Making My Own Pickled Cherry Peppers
I finally made my own cheese-stuffed pickled Italian cherry peppers. I have wanted to make them for years, especially since a jar of store-bought ones can cost about $8 or more--and can be devoured by 2 or 3 people in one sitting. Preparing the peppers is time-consuming and (for some people) tedious. But if you don’t mind using a tiny sharp knife to cut off the tops and scrape out all of the seeds from, say, 30 or more hot cherry peppers, then this might appeal to you. I enjoy these specialized tasks and don’t care that they may take a few hours. Standing in my kitchen glancing out the window, it’s actually a pleasant way to spend a chilly fall Sunday.
I meticulously cleaned each little pepper, keeping each tiny top, and simmered them in salted vinegar for about 5 minutes, until slightly cooked but still very firm. Then I stuffed each one with a cube of Manchego cheese, replaced their tops and layered them in a wide jar. I added enough extra virgin olive oil to the salted vinegar I'd simmered them in so that this liquid would cover the peppers. I added basil leaves, sliced garlic and thyme sprigs to the mixture and poured it over the little stuffies. The jar went into the refrigerator to marinate for about 2 months.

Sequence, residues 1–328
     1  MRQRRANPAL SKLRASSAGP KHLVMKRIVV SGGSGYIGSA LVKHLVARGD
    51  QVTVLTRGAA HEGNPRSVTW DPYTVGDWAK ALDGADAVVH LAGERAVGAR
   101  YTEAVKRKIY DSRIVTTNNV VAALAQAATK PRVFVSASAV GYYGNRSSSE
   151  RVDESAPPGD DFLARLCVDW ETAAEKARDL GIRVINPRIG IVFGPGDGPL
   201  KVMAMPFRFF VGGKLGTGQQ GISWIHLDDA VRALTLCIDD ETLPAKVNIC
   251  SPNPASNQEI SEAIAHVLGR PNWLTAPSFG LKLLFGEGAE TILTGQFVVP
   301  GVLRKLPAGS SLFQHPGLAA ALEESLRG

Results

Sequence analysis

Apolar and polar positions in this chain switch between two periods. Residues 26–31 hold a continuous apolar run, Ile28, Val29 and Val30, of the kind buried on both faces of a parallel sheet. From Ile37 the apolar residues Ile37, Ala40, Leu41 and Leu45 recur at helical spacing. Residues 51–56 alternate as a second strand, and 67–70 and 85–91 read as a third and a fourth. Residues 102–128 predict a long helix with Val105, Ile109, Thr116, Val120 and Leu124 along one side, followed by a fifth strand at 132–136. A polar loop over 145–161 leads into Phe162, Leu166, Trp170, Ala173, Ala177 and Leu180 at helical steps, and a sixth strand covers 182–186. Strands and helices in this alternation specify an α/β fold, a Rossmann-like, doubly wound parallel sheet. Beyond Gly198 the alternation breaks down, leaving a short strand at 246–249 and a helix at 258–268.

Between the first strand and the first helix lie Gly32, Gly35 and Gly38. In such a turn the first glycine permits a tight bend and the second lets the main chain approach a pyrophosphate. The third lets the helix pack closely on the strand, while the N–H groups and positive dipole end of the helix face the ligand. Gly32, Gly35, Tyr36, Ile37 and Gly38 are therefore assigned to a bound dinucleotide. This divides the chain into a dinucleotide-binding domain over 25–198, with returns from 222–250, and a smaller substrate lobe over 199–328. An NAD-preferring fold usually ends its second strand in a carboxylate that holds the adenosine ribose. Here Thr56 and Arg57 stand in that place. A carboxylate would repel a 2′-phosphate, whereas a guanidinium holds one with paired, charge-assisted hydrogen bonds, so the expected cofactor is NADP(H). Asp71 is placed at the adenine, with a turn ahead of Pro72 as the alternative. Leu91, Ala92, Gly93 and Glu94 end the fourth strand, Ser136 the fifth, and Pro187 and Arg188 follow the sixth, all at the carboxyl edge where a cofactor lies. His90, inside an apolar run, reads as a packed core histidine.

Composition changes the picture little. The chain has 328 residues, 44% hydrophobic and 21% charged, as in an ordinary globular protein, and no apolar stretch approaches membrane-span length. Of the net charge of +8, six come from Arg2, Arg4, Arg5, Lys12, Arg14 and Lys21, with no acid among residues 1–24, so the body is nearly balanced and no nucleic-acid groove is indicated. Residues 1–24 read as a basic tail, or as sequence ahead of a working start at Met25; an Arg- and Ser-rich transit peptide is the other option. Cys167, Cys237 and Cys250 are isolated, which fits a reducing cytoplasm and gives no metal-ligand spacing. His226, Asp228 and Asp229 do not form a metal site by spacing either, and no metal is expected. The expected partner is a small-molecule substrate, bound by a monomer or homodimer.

I knew what would happen next, but I let it slide. The oil separated from the vinegar so that half the peppers sat in the vinegar while the other half sat in the oil. Every time I opened my fridge I would look at my beautiful, but flawed peppers and tell myself to do something about it, but I couldn’t bear to start in with them again. Yesterday, after 2 monthhs, I finally took the peppers out of the fridge and tasted a pepper from each pole. The vinegar-soaked peppers were delicious, a little hot and not as acidic as I had feared. The oiled peppers were good, too, but needed some tartness. The Manchego cheese was a mistake, not firm or sharp enough. The cheese is actually tasty, but next time I will use a strong, aged Pecorino. I lifted the oily peppers from the top layer and the vinegar ones from the bottom, placed each type in it’s own shallow dish and covered them with what they had not been marinating in. Next time, I’ll just go with the vinegar and put a very thin layer of olive oil on top.